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Your Guide to Planning a Work Retreat

Company retreats are an excellent way to connect with your colleagues outside of your day-to-day work. For remote teams, most workers crave the in-person time - just to connect and get the connection that’s lacking over Slack or GChat messages.

Whether your team sees each other every day or is scattered around the country working remotely, you need to take the time to plan your next professional gathering with purpose. That’s why we created your go-to guide for planning your next work retreat.


Ask yourself - why are we planning this retreat? What purpose does this gathering serve? These are incredibly important questions that will guide your planning process - and it’s crucial that you start with them, even before logistics. Priya Parker’s book, The Art of Gathering is a very helpful tool. She recommends this chart as a starting point to move your gatherings about nothing to gatherings about something. Apply this to your next work retreat:

Table from The Art of Gathering by Priya Parker, p. 25

When planning logistics - location, budget, activities - go back to the purpose of your retreat. Let it guide you.


Is this a remote retreat? Hybrid? Will your team be traveling to the retreat destination? It’s best to get the overall budget then break it down per person so you know what you’re working with. Again, think back to the retreat’s purpose to help you decide what’s necessary and what’s not. No matter the size of your budget, you can get creative to make sure you still plan a retreat that’s meaningful for all attendees.


Decide how you’d like to gather. Many organizations are embracing the hybrid work environment, and you have to decide where you’d like to gather. Is this in-person? Remote? Is it hybrid? Do employees have the option to be there in-person or over a video call platform?

Oftentimes the culture of the organization helps predict this, but it’s still good to offer options for folks that may have different needs. Some ideas for unique places to host your retreat include: a boutique hotel, a public library, a team member’s vacation home, a luxurious cabin or eco-lodge, a coworking space or business incubator, a retreat space or a really cool Airbnb.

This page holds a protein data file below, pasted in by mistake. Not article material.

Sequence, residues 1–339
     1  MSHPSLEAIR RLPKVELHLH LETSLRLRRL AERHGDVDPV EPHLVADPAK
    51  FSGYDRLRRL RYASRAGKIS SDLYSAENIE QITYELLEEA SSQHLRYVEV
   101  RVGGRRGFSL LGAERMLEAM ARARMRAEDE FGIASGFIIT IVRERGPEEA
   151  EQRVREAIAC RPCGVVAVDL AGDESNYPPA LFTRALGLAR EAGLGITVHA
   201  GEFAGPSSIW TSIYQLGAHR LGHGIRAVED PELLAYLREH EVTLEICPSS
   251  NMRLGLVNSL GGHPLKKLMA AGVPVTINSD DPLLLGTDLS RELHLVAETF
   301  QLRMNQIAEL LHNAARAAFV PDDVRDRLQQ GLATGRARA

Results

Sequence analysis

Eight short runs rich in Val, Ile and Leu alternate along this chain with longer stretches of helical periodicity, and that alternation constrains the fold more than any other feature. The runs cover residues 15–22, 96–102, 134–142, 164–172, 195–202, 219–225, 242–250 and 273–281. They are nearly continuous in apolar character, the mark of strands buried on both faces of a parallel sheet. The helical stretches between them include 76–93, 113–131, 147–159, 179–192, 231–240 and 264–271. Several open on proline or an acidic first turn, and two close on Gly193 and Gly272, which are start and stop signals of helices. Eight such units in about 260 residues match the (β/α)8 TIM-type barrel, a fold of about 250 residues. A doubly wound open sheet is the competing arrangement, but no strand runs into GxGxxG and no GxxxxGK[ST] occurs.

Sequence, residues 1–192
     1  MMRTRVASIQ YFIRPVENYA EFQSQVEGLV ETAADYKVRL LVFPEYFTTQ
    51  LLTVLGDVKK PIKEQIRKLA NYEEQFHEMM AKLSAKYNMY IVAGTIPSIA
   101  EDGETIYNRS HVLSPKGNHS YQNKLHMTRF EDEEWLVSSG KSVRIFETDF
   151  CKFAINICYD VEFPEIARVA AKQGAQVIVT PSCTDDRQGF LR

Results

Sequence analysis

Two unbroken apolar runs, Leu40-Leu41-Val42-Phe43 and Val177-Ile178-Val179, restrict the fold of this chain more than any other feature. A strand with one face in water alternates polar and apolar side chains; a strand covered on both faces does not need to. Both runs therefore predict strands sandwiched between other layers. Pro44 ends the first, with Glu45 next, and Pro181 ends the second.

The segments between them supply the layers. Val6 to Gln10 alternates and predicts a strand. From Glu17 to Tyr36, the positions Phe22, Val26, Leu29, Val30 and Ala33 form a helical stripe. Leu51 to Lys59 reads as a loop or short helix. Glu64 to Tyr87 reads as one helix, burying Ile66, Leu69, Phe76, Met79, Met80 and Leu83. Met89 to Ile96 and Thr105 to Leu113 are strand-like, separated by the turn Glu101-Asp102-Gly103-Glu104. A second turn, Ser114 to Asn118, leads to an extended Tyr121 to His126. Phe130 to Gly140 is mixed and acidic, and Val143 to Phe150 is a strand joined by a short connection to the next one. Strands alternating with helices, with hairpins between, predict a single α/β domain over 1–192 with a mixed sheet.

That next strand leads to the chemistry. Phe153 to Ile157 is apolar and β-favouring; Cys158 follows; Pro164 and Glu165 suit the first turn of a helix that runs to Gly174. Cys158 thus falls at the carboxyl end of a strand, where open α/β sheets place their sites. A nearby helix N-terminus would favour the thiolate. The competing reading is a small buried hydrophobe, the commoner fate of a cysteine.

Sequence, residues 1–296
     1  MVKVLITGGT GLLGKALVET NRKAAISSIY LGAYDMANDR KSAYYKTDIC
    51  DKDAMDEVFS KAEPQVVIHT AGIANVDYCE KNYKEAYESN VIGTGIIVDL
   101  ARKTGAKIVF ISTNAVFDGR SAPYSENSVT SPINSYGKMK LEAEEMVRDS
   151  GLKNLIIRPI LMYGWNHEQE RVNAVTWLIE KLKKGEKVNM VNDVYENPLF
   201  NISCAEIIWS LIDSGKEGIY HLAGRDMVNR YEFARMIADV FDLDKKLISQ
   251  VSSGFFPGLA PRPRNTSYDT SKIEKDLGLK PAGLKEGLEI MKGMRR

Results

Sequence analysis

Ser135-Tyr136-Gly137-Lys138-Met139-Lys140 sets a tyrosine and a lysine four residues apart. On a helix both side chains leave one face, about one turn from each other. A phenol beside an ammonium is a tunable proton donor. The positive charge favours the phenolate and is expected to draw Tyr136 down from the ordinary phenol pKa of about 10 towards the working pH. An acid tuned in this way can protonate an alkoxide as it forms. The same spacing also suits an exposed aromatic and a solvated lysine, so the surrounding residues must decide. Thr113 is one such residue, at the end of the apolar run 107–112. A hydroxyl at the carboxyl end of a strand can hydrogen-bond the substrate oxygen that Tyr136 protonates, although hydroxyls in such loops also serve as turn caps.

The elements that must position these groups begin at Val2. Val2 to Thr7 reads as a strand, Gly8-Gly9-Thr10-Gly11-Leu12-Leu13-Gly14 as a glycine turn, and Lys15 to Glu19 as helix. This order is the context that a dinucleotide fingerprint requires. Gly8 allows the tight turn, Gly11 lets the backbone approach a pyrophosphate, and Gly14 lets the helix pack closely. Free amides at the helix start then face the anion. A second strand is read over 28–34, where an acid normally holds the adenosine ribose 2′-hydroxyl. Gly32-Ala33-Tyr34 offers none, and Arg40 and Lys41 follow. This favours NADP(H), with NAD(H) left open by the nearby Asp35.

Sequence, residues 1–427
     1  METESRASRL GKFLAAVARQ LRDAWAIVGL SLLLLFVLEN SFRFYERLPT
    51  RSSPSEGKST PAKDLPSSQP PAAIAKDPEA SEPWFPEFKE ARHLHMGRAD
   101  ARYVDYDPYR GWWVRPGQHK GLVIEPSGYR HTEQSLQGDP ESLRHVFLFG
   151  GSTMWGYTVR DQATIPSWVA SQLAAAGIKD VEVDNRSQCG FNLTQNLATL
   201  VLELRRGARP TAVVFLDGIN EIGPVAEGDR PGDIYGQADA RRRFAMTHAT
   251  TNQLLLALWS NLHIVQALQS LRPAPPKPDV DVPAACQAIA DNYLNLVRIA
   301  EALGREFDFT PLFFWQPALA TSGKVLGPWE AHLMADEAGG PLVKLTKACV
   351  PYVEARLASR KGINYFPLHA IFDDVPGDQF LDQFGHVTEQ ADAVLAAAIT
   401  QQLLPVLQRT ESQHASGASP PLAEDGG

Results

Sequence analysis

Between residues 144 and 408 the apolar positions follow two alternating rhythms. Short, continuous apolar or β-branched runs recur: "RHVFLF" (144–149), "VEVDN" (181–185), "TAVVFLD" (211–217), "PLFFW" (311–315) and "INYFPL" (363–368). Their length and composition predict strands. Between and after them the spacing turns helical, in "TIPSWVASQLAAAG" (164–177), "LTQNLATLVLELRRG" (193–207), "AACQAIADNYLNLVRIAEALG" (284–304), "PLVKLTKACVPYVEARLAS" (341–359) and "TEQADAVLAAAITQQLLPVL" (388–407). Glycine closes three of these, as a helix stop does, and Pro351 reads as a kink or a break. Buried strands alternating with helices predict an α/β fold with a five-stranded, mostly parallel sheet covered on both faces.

The courtyard at La Suprema Works & Events

You’ll want to know how many employees are attending in-person and take a look at company rules. It’s possible you’ll need to book with a corporate hotel, and thus your team can stay there - but that doesn’t mean you have to use the hotel’s meeting rooms. Get creative and mix-it-up! It’s important that the gathering space feels inspiring.


The beauty is in the details, right? Here are a few logistical questions to consider while planning your next work retreat:


How many employees need a place to stay? Everyone or just a few? Will employees share rooms or will they all be separate? Make sure you look into company policies and ask for folks' preferences before booking.


Will employees be expected to arrange for transportation to and from the retreat location? Will they receive a travel stipend? Who is responsible for booking flights and rental cars? Does the retreat location have parking? If you’re heading to an international destination, are there visas required? It’s best to have a document with all of the travel details for employees, because this is an area where people tend to stress easily. Save yourself the time and create a living document to share with your guests when they have questions.


What dietary preferences or food allergies do your team have? This is super important and will likely impact how you plan meals during the retreat.

We recommend planning some meals as a group that are already included and some meals on their own to have some flexibility. It also allows time for folks to explore the new place they are in. Another idea is having teams taking turns cooking or choosing restaurants. This gives everyone the opportunity to take some ownership of the food.


This one is IMPORTANT! When you’re creating the schedule, go back to the purpose. Are we sounding like a broken record by now? We hope so, because the purpose should determine your schedule more than anything else.

Who is running sessions? Are they prepared? How will you know they are prepared? What materials do you need?

Activities - Leave the to do list behind for a moment!

Leave room for fun! National park or hiking trails, live music scene, arts and culture - are there any shows coming through the area? Bowling, hiking, an escape room - these are all activities that are available in most locations throughout the year and are a great way to connect with colleagues outside of Slack or Asana.

Part of the retreat’s purpose is likely to support team members in connecting with their colleagues. Leaving room for some activities unrelated to their day jobs can be incredibly rewarding and memorable.

At La Suprema, we’re happy to host Tucson-based companies, and companies traveling from out of town to plan their next work-retreat.

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